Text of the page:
Diagnosis of ED: Electromyography

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Diagnosis of ED: In 1988, G. Wagner and T. C. Gerstenberg first described changes in the electrical activity of the cavernous tissue depending on the phases of erection. In 1990, W. F. Thon proposed the use of cavernous tissue electromyography to objectively assess the state of autonomous innervation and determine smooth muscle degeneration, cavernous or myogenic dysfunction.

The relationship between the indicators of the electrical activity of the cavernous bodies and the content of smooth muscle structures in the cavernous tissue, detected by histomorphometric analysis, was found.

J. Ponseti found that in most cases, the activity of the brain (according to the results of electroencephalography) directly correlated with the readings obtained by electromyography of the cavernous bodies. Thus, the electrical activity of the penis is controlled by the brain, and the autonomic signal reaches the cavernous bodies within fractions of a second after the start of sexual stimulation. This experimental paradigm can be used in the study of psychogenic ED, in order to develop an objective method for studying this condition.

According to F. Giuliano, performing electromyography allows us to determine abnormalities in the development of smooth muscle cells of the cavernous bodies, corresponding to damage to the autonomic innervation of the penis and degenerative processes in the cavernous bodies.

M. Virseda-Chamorro and his team studied the electrical activity of the cavernous bodies in patients with arteriogenic ED based on the results of penile vascular pharmacodopplerography. Ultrasound confirmation of insufficient erection, associated with a decrease in the activity of the electrical signal, according to the electromyography of the cavernous bodies, demonstrated 66.7% sensitivity and 92.9% specificity in the diagnosis of ED. Due to the high specificity of the electromyographic response to prostaglandin E1 injection, this test can be useful as a screening in the diagnosis of ED (arterial).

However, the results of penile electromyography can be questioned if we take into account the fact that the source of the signal when performing electromyography is not the cavernous bodies, but the skin of the penis or the surrounding tissues. In a study by L. S. Leddu et al. on healthy volunteers who did not suffer from ED, a drug block of the skin and cavernous nerves was performed. It turned out that the cavernous tissue is the source of the electrical signal. The authors also suggested that further improvement of this technique may make it useful in the differential diagnosis of neurogenic and myogenic ED.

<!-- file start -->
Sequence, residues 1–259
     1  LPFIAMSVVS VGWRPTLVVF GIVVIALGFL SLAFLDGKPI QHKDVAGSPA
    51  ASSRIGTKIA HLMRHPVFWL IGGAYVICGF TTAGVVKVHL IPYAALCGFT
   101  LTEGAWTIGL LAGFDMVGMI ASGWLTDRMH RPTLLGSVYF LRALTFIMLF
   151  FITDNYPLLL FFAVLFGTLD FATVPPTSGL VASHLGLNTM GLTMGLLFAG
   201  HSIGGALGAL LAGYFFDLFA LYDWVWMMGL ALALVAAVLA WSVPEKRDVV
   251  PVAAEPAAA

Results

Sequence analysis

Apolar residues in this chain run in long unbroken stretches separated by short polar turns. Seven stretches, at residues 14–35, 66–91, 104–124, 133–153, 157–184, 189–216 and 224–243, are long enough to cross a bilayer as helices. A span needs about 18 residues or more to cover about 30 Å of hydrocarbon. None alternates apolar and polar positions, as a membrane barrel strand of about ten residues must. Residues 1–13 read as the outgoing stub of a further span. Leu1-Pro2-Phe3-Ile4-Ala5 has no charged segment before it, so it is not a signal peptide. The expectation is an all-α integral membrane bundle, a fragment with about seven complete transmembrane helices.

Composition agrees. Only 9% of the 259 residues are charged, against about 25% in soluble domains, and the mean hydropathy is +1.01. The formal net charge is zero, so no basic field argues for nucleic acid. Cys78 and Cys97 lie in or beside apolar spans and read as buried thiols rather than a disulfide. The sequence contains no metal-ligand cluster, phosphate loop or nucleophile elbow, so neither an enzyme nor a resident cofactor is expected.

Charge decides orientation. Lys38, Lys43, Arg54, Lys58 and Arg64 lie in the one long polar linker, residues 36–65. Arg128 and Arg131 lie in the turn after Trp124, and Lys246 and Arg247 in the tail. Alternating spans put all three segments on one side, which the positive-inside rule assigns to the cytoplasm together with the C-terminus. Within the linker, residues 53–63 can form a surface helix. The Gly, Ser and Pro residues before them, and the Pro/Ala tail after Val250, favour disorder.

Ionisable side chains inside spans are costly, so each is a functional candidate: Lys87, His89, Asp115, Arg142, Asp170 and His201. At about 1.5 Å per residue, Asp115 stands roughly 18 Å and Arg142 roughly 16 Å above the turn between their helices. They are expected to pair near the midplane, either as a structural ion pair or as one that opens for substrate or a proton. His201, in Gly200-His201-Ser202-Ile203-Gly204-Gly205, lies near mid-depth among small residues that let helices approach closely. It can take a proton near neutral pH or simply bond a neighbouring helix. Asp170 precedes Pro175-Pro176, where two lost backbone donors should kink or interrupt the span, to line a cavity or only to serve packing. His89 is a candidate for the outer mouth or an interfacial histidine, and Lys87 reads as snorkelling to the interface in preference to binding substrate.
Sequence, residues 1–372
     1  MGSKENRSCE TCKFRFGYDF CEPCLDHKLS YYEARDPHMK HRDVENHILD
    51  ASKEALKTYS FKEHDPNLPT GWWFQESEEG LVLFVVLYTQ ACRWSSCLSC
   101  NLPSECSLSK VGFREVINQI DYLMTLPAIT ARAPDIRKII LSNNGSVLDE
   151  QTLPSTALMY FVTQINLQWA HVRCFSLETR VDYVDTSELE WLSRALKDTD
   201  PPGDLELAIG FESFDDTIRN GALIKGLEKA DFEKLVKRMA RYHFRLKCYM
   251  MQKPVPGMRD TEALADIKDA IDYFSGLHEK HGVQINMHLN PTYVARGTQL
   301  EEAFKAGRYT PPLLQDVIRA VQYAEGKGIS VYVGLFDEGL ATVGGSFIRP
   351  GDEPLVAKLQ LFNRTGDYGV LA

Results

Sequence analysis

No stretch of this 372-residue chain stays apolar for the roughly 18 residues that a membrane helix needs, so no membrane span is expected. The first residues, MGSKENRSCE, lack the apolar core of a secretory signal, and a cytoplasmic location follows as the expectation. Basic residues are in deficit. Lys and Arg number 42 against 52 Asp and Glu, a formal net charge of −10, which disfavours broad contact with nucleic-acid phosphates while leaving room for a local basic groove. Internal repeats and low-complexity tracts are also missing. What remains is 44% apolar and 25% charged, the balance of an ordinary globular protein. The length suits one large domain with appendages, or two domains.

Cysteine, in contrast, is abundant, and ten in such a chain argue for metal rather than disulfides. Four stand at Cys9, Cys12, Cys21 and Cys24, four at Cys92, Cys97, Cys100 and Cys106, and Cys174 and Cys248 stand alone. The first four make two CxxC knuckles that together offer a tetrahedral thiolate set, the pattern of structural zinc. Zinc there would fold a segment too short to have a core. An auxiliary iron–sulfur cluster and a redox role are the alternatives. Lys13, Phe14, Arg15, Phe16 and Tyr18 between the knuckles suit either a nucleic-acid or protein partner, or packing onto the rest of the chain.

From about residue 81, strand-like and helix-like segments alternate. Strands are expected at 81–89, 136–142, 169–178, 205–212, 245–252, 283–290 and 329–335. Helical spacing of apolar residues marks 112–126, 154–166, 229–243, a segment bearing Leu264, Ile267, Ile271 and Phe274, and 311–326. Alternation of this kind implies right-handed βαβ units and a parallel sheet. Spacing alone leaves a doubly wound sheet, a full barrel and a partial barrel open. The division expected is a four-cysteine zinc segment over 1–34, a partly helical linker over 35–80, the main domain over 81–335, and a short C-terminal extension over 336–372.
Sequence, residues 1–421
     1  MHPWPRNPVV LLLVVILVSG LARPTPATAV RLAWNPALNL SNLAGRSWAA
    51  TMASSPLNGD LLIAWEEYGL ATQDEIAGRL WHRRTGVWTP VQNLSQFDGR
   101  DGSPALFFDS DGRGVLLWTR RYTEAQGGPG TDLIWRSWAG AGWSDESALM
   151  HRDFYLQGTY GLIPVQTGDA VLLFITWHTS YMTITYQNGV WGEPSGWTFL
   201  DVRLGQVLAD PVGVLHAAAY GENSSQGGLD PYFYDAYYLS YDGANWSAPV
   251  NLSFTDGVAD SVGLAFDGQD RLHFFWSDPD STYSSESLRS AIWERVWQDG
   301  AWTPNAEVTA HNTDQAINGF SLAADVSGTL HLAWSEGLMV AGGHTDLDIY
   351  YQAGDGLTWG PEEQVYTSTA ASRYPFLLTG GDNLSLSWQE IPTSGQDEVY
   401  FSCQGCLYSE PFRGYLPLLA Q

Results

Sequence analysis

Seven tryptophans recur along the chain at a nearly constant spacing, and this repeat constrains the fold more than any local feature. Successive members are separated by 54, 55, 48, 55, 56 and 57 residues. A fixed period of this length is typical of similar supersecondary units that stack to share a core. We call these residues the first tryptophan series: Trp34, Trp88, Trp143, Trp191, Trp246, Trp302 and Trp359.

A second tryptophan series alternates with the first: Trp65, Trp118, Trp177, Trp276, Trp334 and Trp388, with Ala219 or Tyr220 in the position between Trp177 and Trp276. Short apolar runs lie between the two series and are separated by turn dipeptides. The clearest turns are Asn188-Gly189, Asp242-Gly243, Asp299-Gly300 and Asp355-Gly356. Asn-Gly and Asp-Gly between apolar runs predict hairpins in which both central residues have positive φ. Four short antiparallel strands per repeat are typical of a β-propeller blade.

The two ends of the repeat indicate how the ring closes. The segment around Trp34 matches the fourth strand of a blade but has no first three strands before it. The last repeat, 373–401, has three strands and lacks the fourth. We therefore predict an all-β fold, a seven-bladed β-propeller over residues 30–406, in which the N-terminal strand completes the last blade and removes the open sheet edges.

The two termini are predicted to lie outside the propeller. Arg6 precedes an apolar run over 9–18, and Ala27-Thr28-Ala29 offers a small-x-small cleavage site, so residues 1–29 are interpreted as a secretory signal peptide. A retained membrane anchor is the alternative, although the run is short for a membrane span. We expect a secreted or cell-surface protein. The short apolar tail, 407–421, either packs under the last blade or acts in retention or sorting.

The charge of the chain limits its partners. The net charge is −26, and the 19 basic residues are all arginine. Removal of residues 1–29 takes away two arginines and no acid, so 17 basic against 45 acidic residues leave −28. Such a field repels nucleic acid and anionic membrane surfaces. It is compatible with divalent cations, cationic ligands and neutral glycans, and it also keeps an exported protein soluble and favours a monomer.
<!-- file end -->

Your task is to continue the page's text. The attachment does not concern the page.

According to M. Aldemir, electromyography should not be used as a method for determining age-related changes in cavernous bodies.

Currently, electromyography of the cavernous bodies is not among the main studies in the diagnosis of ED and is used in some cases: in post-traumatic ED (for example, as a result of blunt trauma to the perineum), after surgical interventions on the pelvic organs (radical prostatectomy) in patients with diabetes mellitus.

Diagnosis of ED: Cavernosography

The role of the venous system in the mechanism of developing and maintaining an erection has been the subject of discussion for many years. At the beginning of the XX century, J. S. Wooten demonstrated the importance of the venous system in the process of erection development and noted an improvement in the quality of the latter after ligation of the deep dorsal vein.

The technique of cavernosography is not new. It was first used by A. De la Pena in 1946 to visualize the veins of the pelvis. And in 1955, F. May and H. Hirtl described the normal X-ray image of the cavernous bodies, as well as the changes that occur in injuries, inflammation, tumors of the cavernous bodies, priapism. In 1980, J. Ebbehøj and P. Metz proposed the use of cavernosography, performed against the background of visual erotic stimulation, to determine the state of the venous system. In the modern sense, cavernosography was first proposed in 1984 by R. Virag and his co-authors. They performed an X-ray examination of the cavernous bodies after administration of a vasoactive drug (papaverine), which induced an erection and allowed visualization of the cavernous bodies in an erect state.

diagnosis of ED

Varicose veins, persistent contrast of the main venous collectors of the penis before and after administration of the vasoactive drug indicate a pathological venous discharge of one type or another. The question of the diagnostic significance of penile glans contrast is still a subject of discussion.

Since the 1980s, cavernosography, which was previously used in the demonstration of Peyronie’s disease, traumatic penile injury, and priapism, has taken an important place in the diagnosis of ED.

Conclusion

Today we did not write about the use of Viagra or the purchase of Viagra on the Internet, we provided an overview of the works published over the past decade. They confirm the fact that the main task of diagnosing ED is to establish its true cause. It is obvious that it is advisable to use research methods with proven effectiveness, since this will ensure an effective approach to treatment. Currently, methods for diagnosing ED need to be optimized. It is necessary to develop a personalized diagnostic algorithm aimed at assessing the state of the cardiovascular system, endothelium, androgen status, etc. to improve the effectiveness and safety of treatment for men suffering from various forms of ED.

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